Rebecca Tyrrel: Who can be sure that Freddie Starr wouldn’t have gone on to supplant John, Paul or Georgein the Beatles?

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The Independent Online

Who knew that Liverpool's most legendary musical son might have been neither Lennon nor McCartney,but Freddie Starr?

Imagine. It isn't easy if you try, of course, especially if you grew up with Freddie's frenetic Adolf Hitler impersonations in the early 1970s. It is clearly, in imaginative terms, a long and winding road but persevere because it could have happened. A whole decade before Freddie broke through as a comic (at least that is what he called himself) he was an aspiring Liverpudlian musician with none other than Brian Epstein for his manager.

Who can say for sure that, but for the Rolodex confusion, the Starr recruited to become the allegedly hilarious moptop would have been Freddie rather than Ringo? And that he wouldn't have gone on to supplant John, Paul or George as the band's premier genius?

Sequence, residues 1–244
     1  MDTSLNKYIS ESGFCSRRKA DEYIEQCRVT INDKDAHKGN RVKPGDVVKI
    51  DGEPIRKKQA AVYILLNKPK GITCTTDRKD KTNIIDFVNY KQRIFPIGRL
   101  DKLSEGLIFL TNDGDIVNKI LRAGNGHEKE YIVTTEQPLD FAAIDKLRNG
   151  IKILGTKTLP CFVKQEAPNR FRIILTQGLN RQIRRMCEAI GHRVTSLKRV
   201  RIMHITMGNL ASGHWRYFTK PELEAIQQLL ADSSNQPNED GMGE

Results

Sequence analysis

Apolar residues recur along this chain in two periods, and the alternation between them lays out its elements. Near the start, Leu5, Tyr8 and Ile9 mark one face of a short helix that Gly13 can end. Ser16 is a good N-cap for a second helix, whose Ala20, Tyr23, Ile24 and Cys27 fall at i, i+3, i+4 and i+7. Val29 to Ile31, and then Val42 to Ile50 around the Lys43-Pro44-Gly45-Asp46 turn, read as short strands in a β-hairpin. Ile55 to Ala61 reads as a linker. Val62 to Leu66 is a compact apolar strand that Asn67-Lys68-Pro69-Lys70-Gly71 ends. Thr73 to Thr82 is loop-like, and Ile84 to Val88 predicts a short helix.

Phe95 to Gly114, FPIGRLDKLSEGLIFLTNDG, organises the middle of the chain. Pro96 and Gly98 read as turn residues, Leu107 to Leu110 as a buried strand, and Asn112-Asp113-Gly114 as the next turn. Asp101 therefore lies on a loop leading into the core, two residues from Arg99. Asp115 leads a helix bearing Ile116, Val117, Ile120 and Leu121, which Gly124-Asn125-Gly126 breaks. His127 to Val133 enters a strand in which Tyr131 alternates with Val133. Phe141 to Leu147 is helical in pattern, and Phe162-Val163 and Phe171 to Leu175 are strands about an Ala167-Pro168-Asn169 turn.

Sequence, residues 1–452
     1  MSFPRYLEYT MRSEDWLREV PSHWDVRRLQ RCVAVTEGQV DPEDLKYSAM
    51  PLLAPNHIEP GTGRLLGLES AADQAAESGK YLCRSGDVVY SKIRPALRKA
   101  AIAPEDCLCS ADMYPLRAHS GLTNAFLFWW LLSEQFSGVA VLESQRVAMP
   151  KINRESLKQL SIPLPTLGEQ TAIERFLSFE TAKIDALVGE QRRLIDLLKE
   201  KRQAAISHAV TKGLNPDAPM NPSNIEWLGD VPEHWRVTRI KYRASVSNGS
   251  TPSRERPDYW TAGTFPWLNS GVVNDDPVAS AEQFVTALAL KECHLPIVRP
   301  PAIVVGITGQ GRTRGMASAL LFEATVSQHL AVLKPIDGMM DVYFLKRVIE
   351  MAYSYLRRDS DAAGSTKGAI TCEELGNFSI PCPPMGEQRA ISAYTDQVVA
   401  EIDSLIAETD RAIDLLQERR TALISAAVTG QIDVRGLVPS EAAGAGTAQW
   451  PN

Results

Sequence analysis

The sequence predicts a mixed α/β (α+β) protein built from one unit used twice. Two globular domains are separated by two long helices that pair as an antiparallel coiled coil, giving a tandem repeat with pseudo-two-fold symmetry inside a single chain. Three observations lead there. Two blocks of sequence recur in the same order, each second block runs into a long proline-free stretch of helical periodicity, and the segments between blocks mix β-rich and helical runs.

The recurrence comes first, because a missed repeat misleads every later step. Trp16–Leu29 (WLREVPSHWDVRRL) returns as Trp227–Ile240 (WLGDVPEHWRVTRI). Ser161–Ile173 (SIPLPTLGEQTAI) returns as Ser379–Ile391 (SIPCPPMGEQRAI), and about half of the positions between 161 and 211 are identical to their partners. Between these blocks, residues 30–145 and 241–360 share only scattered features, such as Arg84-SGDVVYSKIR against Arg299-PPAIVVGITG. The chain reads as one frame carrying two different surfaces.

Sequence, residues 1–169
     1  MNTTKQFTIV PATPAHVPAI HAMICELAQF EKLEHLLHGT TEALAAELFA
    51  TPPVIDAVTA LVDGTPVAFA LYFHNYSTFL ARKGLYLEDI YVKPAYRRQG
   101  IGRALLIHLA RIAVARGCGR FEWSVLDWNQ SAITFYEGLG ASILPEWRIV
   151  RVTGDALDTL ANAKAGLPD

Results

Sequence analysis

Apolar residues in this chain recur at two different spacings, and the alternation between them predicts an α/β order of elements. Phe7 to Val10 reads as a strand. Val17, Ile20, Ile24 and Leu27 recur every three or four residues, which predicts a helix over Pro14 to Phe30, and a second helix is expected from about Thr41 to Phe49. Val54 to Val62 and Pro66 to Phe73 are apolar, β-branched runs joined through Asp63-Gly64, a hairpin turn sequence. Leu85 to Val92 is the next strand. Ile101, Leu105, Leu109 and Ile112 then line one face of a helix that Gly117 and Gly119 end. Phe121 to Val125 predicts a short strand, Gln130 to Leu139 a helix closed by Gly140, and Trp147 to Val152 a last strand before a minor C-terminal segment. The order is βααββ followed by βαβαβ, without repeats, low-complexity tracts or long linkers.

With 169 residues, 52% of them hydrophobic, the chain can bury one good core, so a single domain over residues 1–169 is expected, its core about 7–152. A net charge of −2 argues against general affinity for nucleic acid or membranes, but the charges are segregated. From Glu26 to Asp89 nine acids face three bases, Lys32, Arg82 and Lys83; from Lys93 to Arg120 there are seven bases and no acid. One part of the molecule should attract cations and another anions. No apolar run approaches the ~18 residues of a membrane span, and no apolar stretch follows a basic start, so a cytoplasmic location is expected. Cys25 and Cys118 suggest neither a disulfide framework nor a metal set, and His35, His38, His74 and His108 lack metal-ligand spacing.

On the limited evidence of Freddie's only hit (a ballad called "It's You", which reached number nine in the charts in 1974) Mr Epstein was wise to abandon any ambition to turn Mr Starr into the alternate Lennon. Apart from anything else, the allegation that Freddie ate a hamster would have thoroughly upset Paul and Linda.

Which brings us to his participation this year in I'm a Celebrity Get me Out of Here!. Perhaps it was Freddie's vegetarianism (so he claims) that led to his violent allergic reaction after eating, among other things, a camel's toe in the first bush-tucker trial of the season. Having been a latecomer to the camp after medical insurance problems – he remains obese and a chain smoker despite undergoing a quadruple bypass less than a year ago – it was a classic case of Hello, Goodbye.

But still, please try to imagine that the man who split from his wife after taking part in Celebrity Wife Swap (Donna Starr made the mistake of warning her fellow contestant, Samantha Fox, that Freddie was something of a layabout and Freddie became cross and unforgiving) might have been a thoughtful, anti-war kind of chap, taking part in a peace protest 'bed-in' and penning with his new wife, "The Ballad of Freddie and Yoko".